Britain in Europe

Michael Keaney Michael.Keaney at mbs.fi
Tue Sep 18 07:04:22 MDT 2001


In recent months Mark Jones and I have been exploring the developing
relationships between, on the one hand, Britain and the EU, and, on the
other, Britain and the US. Mark posited the theory that, in fact, there
has been a severe rupturing of the "special relationship" spanning the
Atlantic and that the British state had thrown its lot in with Europe.
There is an extensive correspondence in the PEN-L archives to this
effect. A small item in last week's Guardian Weekly led me to dig out
this longer piece from The Observer, in which a notable development in
the cementing of Britain's place in Europe was highlighted. How all this
will work out in the light of subsequent events will be interesting, to
say the least.


Mandelson back as think-tank head

Kamal Ahmed, political editor

The Observer, 9 September 2001

The champagne corks at high-powered parties have not been popping with
quite the same regularity for Peter Mandelson since he resigned from the
Government. But the gentle rehabilitation of the former Northern Ireland
Secretary will continue apace this week when he is announced as the
chairman of one of the most high-powered, if little known, political
networks in the country. 

Mandelson is to lead the Policy Network, the left-of-centre organisation
which includes some of the most influential figures in Britain and
continental Europe. The list of its backers reads like a Who's Who of
the New Labour world. 

His new position was confirmed at a private dinner on Thursday night at
the well-known Westminster watering hole Shepherds. Among the guests
were Giuliano Amato, the former Italian Prime Minister, and Michael
Barber, the head of the Downing Street delivery unit and one of Tony
Blair's closest advisers. 

Mandelson has strongly denied that his movement back into the political
limelight reveals any designs on a return to Government. But he has
admitted he needs 'a full political role' after he lost his ministerial
job. 

'The Policy Network is not a way back into Government: it is part of the
alternative to Government,' he told The Observer . 'In effect I am
creating a new life for myself. This is mainly in my constituency and in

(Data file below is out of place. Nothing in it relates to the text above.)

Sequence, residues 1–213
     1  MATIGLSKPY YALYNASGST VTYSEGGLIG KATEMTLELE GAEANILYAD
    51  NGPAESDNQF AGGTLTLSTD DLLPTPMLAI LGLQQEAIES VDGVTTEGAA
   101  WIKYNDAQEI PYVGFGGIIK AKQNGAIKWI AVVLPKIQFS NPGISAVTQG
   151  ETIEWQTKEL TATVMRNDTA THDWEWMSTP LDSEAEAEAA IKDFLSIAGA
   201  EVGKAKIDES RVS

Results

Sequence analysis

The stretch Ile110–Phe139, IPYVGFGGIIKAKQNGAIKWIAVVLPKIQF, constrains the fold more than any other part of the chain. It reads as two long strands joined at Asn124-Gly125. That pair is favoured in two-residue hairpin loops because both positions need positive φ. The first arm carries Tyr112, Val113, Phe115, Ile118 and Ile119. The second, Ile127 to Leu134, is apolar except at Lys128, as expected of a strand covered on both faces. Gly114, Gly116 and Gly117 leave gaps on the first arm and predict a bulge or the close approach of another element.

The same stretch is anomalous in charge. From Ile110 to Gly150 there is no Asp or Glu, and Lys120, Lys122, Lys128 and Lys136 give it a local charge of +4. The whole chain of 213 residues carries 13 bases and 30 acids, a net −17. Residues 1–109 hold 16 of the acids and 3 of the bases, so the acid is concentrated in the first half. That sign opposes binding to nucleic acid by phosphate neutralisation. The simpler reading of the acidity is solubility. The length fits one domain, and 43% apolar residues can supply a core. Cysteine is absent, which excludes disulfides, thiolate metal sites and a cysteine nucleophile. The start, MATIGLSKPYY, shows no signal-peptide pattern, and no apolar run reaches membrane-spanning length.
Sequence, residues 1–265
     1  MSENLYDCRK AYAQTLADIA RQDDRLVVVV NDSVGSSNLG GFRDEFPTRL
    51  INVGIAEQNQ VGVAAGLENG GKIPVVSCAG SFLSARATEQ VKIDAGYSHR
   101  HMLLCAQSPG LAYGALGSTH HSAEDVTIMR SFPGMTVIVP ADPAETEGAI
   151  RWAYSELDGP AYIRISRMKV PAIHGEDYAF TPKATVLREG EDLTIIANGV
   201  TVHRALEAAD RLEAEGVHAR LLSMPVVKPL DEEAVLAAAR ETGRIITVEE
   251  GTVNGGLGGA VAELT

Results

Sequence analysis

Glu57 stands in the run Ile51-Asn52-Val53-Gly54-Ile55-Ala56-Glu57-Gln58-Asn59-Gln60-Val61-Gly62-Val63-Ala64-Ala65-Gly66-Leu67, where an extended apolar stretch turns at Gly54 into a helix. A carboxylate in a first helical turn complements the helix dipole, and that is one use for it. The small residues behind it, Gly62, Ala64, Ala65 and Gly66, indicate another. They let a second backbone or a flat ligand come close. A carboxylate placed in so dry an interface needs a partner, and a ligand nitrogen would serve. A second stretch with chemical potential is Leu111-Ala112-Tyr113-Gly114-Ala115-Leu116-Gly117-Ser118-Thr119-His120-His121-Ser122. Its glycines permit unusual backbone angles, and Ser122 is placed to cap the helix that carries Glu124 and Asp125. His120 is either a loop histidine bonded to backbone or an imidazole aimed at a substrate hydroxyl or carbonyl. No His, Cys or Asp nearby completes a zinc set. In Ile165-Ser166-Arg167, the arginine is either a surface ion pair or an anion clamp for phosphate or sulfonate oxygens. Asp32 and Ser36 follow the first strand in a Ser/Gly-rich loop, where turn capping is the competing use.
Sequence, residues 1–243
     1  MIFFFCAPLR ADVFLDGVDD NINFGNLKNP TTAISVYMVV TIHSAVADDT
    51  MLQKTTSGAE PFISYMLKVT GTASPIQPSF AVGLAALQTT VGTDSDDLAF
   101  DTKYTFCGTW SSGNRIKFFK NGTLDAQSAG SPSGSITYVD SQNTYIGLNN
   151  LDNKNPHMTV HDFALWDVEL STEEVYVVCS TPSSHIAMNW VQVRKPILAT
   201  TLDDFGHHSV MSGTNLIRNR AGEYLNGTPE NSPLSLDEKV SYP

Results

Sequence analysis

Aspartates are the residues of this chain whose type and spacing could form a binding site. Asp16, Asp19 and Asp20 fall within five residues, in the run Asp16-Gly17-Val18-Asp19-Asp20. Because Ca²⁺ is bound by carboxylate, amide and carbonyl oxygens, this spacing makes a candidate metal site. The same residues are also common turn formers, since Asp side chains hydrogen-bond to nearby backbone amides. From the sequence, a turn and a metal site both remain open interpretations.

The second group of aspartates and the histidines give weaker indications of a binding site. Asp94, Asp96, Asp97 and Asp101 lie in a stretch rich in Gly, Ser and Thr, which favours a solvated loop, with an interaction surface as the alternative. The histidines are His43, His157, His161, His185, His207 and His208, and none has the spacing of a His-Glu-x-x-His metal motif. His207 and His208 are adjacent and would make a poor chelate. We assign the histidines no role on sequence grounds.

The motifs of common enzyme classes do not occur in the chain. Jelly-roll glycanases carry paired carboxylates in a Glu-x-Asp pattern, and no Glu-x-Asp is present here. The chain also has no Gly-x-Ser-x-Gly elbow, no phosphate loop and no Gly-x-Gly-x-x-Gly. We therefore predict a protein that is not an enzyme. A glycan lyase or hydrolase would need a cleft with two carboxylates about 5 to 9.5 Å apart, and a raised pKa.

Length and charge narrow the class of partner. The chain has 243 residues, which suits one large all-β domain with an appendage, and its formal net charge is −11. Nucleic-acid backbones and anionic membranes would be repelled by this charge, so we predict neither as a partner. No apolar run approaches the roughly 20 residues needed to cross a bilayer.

Parliament but when you have been absorbed as a Minister you do need
other things to fill your life. The Policy Network is one of those
things.' 

Officials with the Network admit its list of backers would make most
think-tanks 'green with envy'. Trustees include Lord Levy, Blair's envoy
to the Middle East and chief fundraiser for the Labour Party; Philip
Gould, Blair's personal pollster; and Anthony Giddens, the political
theorist who Blair has said most influenced his thinking. 

Andrew Adonis, a senior figure in the Downing Street policy unit, is on
the management board and the Network's journal is edited by Andrew Hood,
special adviser to Geoff Hoon, the Secretary of State for Defence.
Sidney Blumenthal, former special adviser to Bill Clinton, is on the
editorial board. 

Invitations to its drinks parties are becoming the must-have for anyone
who wants to rub shoulders with some of the Left's biggest thinkers. 'If
it decides to have a Christmas party that is one invitation you would
drop anything for,' said one Labour Party figure connected to the
Network. 

Writers in the first issue of the Network's highly cerebral 'journal'
include Geoff Mulgan, the director of the performance and innovation
unit in the Cabinet Office, who answers directly to Blair, Gerhard
Schröder, the German Chancellor, and Andrew Rotherham, Clinton's former
education adviser. 

'The Policy Network does not originate policy like a conventional
think-tank,' Mandelson said. 'It enables policy makers to meet and
debate and exchange ideas so that policy is strengthened in practice. 

'The Network... needs to make more impact to exploit the full value of
its work.' 

Mandelson said he would be using the Network's high profile platform to
launch an attack on the policies of the anti-globalisation protesters. 

'The social movement opposed to globalisation is heading up a whole
number of cul de sacs,' he said. 'Nevertheless those of us on the Centre
Left need to rise to a higher level of engagement. We cannot reduce
important debate about serious matters to an issue of crowd control.' 

Mandelson has been slowly moving back into the political mainstream
since his resignation over the Hinduja passport scandal earlier this
year. Last week Blair used one of his first engagements on his return
from holiday to make a high-profile visit to Hartlepool, Mandelson's
constituency, where he was photographed with his close friend for the
first time since he forced Mandelson to quit. 

Full article at:
http://www.guardian.co.uk/Archive/Article/0,4273,4253041,00.html

Michael Keaney

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